Content provided by Robyn Murray, Freelance Writer

Four years ago, Sean Hollingshead was traipsing around the campus of Brigham Young University with celebrity media pundits from CNN and MSNBC and journalists from little-known publications around the world. It was in the midst of Mitt Romney’s bid for the White House, and everybody wanted to know what Mormons were all about.

“The first couple hours were always the most fascinating,” Hollingshead said. “Everyone had preconceived notions.” Hollingshead, who worked as a lead contact in BYU’s public relations department, was responsible for introducing the campus to the media and making sure reporters got a good impression. “It was pretty fascinating,” he said, “I met some remarkable people.”

Today, Hollingshead lives in Omaha, NE and works in an entirely different industry. After two years in a position he never thought he’d have, he made a move for love. He met a girl from Omaha, and her father convinced them both to move back to her home. That father was Todd Clarke.


Hollingshead, who grew up in Salt Lake City, Utah, says his favorite experience as a PR point-person at BYU was walking the halls with Richard Quest, the host of CNN’s “Quest Means Business” and a flamboyant personality, asking students what they thought about the election. His best moment, he recalls, was watching Quest’s preconceptions puncture when, out of the first six he talked to, only one student said he was supporting Romney.

Hollingshead was a good person for the job. He’s open, unafraid to express his opinions, and as an inadvertent representative of the Mormon faith, doesn’t portray his church as superior or others as worse off for not believing. Basically, he makes good impressions — which is how he got the job in the first place.

As a business major at BYU, Hollinghead was looking for work. His brother, a spokesperson for the university, helped find him a position as a “paper pusher” in the PR department, and by his senior year, Hollingshead had made a good enough impression on his boss to get promoted to lead the PR team and guide the influential media tours. Hollingshead credits hard work for the step up. “Whatever I was doing, I was trying to do it well and exceed the standard quota,” he said. He also wasn’t afraid to speak his mind, and he made himself available to help out with whatever was needed. “Being reliable and having a consistent work record always has an effect on people,” he said.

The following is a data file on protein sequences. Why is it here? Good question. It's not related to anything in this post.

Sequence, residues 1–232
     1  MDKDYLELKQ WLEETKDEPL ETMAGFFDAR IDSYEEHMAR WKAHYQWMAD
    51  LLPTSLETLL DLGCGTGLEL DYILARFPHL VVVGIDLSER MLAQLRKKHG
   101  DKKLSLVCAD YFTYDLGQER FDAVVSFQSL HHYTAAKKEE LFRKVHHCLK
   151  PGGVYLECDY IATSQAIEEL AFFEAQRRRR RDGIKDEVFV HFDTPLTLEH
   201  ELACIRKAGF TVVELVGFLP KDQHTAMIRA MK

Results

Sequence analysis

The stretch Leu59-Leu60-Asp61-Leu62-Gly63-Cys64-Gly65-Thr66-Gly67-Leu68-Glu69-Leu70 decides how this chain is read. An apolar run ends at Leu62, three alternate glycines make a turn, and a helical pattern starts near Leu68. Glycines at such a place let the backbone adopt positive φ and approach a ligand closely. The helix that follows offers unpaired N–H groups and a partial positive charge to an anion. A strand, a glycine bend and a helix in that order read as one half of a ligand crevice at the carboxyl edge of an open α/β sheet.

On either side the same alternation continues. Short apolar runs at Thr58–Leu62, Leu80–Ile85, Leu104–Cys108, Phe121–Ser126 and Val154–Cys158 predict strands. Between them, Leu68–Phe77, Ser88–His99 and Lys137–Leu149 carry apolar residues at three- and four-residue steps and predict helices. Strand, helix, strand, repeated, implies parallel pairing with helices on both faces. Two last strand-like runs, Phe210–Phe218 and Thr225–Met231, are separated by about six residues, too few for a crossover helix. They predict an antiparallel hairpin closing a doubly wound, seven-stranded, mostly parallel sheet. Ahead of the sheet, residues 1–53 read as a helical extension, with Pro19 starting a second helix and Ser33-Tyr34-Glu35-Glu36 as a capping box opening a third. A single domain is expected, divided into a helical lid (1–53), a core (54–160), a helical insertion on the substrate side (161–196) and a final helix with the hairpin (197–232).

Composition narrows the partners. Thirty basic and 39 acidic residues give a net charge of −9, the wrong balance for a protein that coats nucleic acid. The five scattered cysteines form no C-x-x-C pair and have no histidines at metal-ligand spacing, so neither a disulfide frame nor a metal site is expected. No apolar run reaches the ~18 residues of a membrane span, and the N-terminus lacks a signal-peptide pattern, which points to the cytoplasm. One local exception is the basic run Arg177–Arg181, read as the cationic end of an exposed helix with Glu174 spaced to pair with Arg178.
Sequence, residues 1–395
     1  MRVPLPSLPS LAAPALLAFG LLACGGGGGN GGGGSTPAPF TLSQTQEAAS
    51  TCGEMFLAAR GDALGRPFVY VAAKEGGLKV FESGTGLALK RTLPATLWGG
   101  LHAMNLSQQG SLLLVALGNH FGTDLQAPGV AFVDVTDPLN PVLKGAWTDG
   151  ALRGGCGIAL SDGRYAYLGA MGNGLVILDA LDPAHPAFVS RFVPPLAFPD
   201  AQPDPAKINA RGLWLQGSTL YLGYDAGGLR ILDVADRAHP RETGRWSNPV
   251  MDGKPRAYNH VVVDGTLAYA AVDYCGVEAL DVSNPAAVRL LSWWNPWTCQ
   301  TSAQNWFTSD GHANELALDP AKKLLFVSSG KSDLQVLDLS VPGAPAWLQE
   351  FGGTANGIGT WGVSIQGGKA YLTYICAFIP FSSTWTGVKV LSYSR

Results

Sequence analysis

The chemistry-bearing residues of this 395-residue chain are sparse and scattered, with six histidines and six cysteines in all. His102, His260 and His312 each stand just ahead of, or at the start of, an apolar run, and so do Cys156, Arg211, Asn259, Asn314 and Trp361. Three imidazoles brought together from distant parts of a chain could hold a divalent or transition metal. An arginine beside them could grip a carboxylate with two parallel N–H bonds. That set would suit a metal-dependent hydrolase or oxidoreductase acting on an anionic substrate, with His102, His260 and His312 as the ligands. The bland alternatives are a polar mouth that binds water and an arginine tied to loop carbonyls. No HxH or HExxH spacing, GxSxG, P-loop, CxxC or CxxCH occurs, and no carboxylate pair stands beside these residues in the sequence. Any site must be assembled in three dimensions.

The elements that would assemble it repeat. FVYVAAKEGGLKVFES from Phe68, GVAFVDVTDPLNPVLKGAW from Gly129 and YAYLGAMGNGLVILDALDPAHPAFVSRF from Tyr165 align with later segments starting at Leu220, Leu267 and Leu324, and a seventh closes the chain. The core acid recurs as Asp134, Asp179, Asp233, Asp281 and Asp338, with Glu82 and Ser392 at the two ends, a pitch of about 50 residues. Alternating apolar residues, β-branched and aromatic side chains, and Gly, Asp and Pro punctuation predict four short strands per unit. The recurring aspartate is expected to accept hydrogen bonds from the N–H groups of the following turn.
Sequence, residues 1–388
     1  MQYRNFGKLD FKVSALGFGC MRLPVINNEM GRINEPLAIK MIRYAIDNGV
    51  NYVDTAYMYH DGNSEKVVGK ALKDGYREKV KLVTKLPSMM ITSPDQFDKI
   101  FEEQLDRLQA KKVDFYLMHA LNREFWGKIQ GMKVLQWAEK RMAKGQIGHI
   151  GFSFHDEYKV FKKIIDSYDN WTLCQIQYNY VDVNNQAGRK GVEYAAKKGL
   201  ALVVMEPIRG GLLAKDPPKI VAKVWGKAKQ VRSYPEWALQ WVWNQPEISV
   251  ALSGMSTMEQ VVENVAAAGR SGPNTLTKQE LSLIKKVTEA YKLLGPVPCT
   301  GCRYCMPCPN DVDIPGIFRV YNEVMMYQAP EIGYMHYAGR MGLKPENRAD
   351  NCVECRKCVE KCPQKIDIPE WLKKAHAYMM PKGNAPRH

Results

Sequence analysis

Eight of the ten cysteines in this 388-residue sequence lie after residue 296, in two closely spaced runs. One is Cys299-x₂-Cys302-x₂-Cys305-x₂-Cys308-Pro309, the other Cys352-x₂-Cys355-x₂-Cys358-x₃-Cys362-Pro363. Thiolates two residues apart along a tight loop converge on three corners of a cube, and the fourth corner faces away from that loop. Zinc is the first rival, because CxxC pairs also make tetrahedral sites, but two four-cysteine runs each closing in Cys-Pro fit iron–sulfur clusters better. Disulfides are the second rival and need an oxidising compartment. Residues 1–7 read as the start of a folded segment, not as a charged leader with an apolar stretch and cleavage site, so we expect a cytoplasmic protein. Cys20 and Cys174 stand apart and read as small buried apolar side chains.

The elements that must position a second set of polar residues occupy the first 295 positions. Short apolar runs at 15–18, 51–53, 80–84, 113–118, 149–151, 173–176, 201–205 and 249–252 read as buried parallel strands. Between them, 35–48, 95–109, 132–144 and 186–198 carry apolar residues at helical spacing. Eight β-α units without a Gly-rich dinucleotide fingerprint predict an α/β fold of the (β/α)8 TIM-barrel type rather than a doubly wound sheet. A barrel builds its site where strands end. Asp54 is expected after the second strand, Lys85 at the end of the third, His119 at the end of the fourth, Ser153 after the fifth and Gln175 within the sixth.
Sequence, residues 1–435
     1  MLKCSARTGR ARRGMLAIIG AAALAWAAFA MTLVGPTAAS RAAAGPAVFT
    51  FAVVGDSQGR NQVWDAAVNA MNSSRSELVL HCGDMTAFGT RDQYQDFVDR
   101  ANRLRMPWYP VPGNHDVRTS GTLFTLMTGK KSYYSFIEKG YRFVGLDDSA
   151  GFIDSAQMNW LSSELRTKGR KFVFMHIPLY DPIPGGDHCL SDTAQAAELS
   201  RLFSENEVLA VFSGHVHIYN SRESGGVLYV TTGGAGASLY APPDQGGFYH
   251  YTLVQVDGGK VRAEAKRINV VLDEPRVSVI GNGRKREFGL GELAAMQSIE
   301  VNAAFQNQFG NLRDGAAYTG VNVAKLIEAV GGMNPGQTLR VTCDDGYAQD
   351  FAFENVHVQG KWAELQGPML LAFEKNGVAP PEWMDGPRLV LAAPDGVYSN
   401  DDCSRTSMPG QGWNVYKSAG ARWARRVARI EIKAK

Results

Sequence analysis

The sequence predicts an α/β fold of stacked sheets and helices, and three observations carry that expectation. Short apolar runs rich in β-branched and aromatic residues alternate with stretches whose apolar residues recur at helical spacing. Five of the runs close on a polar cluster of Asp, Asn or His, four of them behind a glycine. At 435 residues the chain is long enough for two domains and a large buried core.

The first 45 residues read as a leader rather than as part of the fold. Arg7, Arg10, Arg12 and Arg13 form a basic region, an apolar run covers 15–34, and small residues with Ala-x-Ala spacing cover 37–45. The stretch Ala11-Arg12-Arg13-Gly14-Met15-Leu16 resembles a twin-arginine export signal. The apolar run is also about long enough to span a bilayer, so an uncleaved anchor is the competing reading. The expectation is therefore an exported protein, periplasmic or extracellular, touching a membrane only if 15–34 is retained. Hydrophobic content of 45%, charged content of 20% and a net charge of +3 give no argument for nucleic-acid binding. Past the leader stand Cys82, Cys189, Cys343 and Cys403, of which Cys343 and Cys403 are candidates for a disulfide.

Six months later, Hollingshead made another — even more consequential — good impression. He met his future father-in-law, Todd Clarke, formerly the CEO of CLS Investments who took over the company his father founded, in Salt Lake. Clarke was attending a meeting at the Montage Deer Valley Resort, which Hollingshead describes as straight out of Hollywood high life. “Picture ‘The Shining,’” he said, “but with more opulence.”

Hollingshead drove his beat-up ’99 Honda Accord to the hotel’s valet-only entrance, handed his keys to the reluctant keeper, and headed to dinner. After getting past the server’s first question of “What kind of water can I start you with?” with a confident “Ice water,” Hollingshead started to get more comfortable as he chatted with Clarke about his business and efforts to build CLS’s parent company, NorthStar. By the end of the dinner, Hollingshead felt a little better about his plans to ask Clarke for his daughter’s hand in marriage.

But before the wedding bells had even begun to ring, Clarke started working on him to get them both to Omaha. He first found a position for him in inside sales at Northern Lights Distributors, but it wasn’t a fit and Hollingshead turned it down. So Clarke came up with another plan — a sales and marketing liaison at CLS that would bring the two departments together. That sounded intriguing, and Hollingshead agreed. “He gave me a chance,” Hollingshead said, “which was enough.”

Today, Hollingshead is the director of CLS’s Investment Advisor Division where he directs CLS’s Autopilot program that offers low-cost tools for financial advisors and investors to access professionally managed accounts. It’s quite a change from working in PR, but Hollingshead has always been interested in finance, and he’s enjoyed learning a new industry. He also serves on CLS’s Culture Committee, a role he finds interesting and a way he can bring his PR skills to the table. He wants to help break down institutional barriers at CLS and sees potential for more collaboration between departments as well as between the subsidiaries of NorthStar.

Hollingshead enjoys the role and sees opportunities for growth within the company, which appeals to his entrepreunarial zeal. He dreams of growing businesses, in the mold of his father-in-law, who he autodescribes as having achieved the quintessential American dream.

While he’s now a long way from Utah, Omaha is home. His wife is happy to be back with her family, and they’re expecting their first child in January. “We’re happy,” he said. “But the road map hasn’t been completed yet.”